To make sound decisions consistently, it is essential to keep accurate financial data. The most basic financial information is an income statement and a balance sheet. The income statement, also known as a profit and loss statement, will record revenue coming into the organization, cost of goods sold, operating costs, and net income. This information is useful in linking the activities of a company to profitability. A balance sheet illustrates the overall health of an organization by describing a company’s assets (like cash and equipment), liabilities (whom the company owes), and equity in the company. Equity is determined by simple arithmetic, assets – liabilities = equity. Generally speaking, positive equity is good and negative equity is usually less than good. The income statement and balance sheet should at least be reconciled (produced) monthly. It is less common but a best practice to reconcile financials daily; usually requiring a designated staff to carry out daily reconciliation.
Well run companies adjust the operating costs of their business when an economy cycles down. Many tactics exist in addition to laying-off staff in order to survive a difficult economy. A business may negotiate with vendors to lower their cost of goods sold (COGS). COGS are the materials necessary to sell a product or service. Take for example, a seafood wholesaler offering a product. COGS include packaging material such as boxes, in addition to fish. A wholesaler may be able to lower the cost of boxes by discussing volume with their supplier(s) to negotiate a discount. The income statement is useful in determining the quantity of boxes consumed per year by the wholesaler -a handy piece of information if asking for a price concession from a vendor. The vender is better able to work with a customer if that customer can demonstrate their need, in numbers, for a specific product. With this information a vendor is then able to quantify and calculate the profit of a relationship and then come to a decision. Alternatively, without good information the decision often is deferred, taking much time or not happening at all. The balance sheet helps a business owner know if (s)he has enough cash to buy the boxes at the beginning of the year or if they need terms to pay for them at some later point in time; a critical component to understand when negotiating a better deal.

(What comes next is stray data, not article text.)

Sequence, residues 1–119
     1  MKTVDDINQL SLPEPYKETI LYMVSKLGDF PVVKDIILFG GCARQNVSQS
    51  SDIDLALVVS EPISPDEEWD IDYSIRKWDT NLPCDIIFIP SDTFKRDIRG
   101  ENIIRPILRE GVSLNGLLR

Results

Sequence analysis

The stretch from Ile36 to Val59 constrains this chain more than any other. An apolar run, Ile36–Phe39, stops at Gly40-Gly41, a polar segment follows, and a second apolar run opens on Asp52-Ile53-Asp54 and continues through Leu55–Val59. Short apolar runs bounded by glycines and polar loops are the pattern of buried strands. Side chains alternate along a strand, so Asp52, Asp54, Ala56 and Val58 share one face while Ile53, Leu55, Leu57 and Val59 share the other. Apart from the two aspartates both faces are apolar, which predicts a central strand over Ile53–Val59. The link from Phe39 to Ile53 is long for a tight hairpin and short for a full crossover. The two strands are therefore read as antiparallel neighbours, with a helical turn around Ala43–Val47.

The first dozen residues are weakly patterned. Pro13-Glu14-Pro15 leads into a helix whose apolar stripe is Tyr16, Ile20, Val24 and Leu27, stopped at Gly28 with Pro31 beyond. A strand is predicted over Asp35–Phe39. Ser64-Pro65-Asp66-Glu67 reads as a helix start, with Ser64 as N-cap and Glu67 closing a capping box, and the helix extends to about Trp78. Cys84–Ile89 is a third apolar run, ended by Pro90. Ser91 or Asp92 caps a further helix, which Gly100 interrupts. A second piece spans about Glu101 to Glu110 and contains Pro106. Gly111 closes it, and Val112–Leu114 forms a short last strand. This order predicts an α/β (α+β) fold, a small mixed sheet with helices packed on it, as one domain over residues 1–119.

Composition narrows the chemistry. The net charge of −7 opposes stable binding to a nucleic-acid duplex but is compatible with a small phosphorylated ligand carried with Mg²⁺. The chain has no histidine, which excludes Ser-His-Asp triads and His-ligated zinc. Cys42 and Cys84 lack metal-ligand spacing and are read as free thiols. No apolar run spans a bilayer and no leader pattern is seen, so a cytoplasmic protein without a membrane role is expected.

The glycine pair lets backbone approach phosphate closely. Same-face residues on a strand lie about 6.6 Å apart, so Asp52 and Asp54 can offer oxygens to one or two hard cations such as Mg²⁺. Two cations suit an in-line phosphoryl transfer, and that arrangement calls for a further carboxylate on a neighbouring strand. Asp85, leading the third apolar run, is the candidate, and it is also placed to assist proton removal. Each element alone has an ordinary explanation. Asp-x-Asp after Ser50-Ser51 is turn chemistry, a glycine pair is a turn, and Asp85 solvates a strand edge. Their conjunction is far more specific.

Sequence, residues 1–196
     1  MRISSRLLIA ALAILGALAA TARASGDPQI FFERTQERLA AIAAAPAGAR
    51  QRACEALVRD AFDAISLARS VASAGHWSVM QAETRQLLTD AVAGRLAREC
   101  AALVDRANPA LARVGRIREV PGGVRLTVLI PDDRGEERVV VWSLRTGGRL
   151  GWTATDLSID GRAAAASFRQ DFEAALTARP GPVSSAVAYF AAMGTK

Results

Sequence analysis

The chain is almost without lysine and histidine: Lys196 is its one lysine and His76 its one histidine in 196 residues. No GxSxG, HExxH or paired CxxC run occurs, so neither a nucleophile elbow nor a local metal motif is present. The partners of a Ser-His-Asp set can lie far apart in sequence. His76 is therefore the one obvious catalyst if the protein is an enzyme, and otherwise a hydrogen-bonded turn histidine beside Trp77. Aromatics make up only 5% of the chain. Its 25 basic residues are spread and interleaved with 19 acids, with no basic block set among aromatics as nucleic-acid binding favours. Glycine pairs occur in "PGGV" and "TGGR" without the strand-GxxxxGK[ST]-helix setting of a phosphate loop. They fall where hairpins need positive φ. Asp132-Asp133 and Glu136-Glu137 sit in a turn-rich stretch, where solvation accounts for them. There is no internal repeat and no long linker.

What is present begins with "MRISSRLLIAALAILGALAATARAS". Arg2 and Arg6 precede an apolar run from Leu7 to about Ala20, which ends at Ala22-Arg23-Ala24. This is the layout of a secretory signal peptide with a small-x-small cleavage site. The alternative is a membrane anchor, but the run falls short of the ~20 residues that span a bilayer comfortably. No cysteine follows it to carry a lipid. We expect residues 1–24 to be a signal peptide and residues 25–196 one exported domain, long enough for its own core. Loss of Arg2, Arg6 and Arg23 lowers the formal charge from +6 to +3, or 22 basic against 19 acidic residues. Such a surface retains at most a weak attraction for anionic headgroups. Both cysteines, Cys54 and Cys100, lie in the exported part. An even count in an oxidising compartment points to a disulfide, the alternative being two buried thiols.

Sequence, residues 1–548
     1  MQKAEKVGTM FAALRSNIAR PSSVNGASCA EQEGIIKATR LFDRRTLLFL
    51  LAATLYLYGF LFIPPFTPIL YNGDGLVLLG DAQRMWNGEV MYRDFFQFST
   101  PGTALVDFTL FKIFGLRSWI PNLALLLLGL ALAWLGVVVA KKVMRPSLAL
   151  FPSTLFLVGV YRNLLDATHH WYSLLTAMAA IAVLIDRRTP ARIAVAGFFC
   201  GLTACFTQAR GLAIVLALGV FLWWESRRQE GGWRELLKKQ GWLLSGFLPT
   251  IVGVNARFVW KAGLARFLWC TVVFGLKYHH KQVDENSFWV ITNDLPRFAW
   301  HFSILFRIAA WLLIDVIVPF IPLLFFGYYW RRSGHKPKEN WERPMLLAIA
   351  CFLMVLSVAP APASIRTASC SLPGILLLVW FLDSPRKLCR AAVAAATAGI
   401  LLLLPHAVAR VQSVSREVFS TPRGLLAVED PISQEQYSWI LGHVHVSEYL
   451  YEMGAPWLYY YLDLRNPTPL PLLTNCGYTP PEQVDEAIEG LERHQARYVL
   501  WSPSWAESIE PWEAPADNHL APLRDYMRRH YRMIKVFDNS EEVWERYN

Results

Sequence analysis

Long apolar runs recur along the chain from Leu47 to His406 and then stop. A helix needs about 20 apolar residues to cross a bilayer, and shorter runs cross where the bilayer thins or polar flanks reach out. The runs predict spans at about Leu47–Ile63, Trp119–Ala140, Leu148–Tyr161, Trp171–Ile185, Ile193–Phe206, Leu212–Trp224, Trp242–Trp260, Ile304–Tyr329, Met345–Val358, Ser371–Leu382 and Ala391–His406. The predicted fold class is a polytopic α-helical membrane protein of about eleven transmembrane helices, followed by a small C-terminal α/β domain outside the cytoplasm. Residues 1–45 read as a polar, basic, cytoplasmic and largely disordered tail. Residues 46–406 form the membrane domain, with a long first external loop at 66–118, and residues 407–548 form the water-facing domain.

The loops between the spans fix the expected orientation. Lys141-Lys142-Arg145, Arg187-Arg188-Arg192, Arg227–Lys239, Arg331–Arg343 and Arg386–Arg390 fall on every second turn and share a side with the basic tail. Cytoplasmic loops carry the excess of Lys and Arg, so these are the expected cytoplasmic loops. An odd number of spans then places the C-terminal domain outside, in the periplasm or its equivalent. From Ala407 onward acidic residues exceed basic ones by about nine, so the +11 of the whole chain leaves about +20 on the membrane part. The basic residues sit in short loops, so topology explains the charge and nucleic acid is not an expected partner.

The lifeblood of a company is cash and the best way to generate cash is by increasing sales. Increasing the commissions paid to a sales force and adjusting salaries is a useful tactic to reduce fixed carrying costs of operations and grow sales by aligning employee financial incentives with company objectives. Increasing commissions provides employees the opportunity to make more money than if they were salary only while providing mutual benefit to the company –everybody makes more money. Generally speaking, a sales force produces better results if financial incentives are aligned with outcomes. A sales person with a 10% commission on every sale is less motivated than a salesperson with a 20% commission. Additionally, aligning sales force compensation with company objectives by adjusting salaries is often a positive move to help a company survive a tough economy; conversely, taking no corrective action with the combination of continued losses will consume cash and result in insolvency whereby everybody loses because the company fails. Some organizations with a designated sales force are commission only or offer a base salary to cover essential living costs, providing stability during fluctuations in production. The income statement allows the organization to determine an appropriate compensation strategy whereby the salesperson and organization split profit. The balance sheet helps determine when a salesperson gets paid for their production based on how revenue is collected and cash available to pay commissions.